Justin Herbert is still getting acclimated to what's been a rookie season unlike any other.
So far, he's experienced an offseason training program with Zoom meetings, daily coronavirus tests and social distancing from teammates and coaches while trying to play football.
But to get him up to NFL speed, the former Oregon star relied on a fellow Duck for advice on being a pro. That person was Kellen Clemens, who played at Oregon from 2002-05 under then head coach Mike Bellotti, before being selected in the second round of the 2006 NFL Draft by the New York Jets.
"One of the guys that I actually ended up talking with was Kellen Clemens who played here a couple years ago," Herbert said during Wednesday's availability. "He's one of those Oregon guys that has been so helpful and is a mentor of mine and I've really looked up to him. He had some great things to offer, a bunch of advice to give, so it was really good to speak with him."
Justin Herbert speaks to the media. https://t.co/omtQYQ8uq5— Los Angeles Chargers (@Chargers) August 26, 2020
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Clemens had stints with the Jets, Washington, Texans and Rams before ending up with the Chargers from 2014-17. But before that, the Oregon native had the opportunity to watch Herbert's career in Eugene elevate year after year.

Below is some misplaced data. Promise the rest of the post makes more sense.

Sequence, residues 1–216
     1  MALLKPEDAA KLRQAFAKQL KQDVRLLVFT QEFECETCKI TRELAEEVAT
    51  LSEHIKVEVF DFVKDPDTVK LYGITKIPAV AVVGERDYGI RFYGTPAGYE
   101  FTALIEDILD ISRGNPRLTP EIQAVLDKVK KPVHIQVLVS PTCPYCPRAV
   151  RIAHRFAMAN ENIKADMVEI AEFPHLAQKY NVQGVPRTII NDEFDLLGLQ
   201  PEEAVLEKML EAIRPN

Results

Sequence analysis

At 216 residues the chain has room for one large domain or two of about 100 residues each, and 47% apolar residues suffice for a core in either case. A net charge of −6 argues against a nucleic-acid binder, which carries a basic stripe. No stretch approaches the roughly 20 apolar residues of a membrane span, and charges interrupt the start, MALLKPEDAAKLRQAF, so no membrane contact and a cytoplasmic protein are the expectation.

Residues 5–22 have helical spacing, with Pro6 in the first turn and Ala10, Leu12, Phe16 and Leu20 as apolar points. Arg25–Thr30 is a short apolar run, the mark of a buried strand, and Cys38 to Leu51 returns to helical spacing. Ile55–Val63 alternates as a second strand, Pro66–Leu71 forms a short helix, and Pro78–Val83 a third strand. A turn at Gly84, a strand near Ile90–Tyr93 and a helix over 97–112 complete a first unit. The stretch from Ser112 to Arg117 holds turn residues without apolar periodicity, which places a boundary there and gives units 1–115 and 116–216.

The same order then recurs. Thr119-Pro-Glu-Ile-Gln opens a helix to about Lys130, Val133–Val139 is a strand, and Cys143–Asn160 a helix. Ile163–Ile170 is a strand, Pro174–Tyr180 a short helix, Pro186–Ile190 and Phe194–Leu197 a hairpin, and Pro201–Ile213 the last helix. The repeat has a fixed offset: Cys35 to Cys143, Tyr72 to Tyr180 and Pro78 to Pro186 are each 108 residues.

Clemens shared some insightful advice on his 11-year NFL career that the Los Angeles Chargers first-round pick grasped onto.
"He told me your career is never going to be always uphill," Herbert reflected. "There are going to be ups and downs and at the end of the day, you need to get better. You're going to make mistakes along the way. It's not about how high it gets or how low it gets. It's always about climbing back up and doing better the next day, and never letting your past mistakes affect your future. So, he really helped me with that."
Clemens has been praising Herbert since the 6-foot-6, 237-pounder passed for 3,417 yards, 32 touchdowns and only six interceptions in 2019 while leading the Ducks to a 12-2 record, a Pac-12 Championship, and a Rose Bowl Championship in his senior season.
He knew exactly what the Bolts were getting.
"(Herbert) just does it the right way," Clemens told Chargers.com in April. "You're never going to read his name in the papers for something like (if he) was out at 2:00 a.m. or in the wrong place at the wrong time. You're not going to do that with him. I've got a 10-year-old son, and when he starts to ask me, 'Dad, is this guy a good role model?' I'm trying to steer him in the direction of guys he can emulate both on the field and off the field. Justin was just one of those guys. You watch him in an interview, he's well-spoken. I still am in touch with people at the university and you ask (questions like,) what type of guy he is, is he a good leader? Is he a good teammate? How is he in the community? And Justin was unanimous and checked all the boxes."
With the right system designed to help Herbert succeed while learning from 10-year veteran Tyrod Taylor, and plenty of talent across the board in Los Angeles, Herbert has every opportunity to make a name as an NFL quarterback.
Now, he's got the advice from an all-time Oregon great to help him succeed at the next level too.
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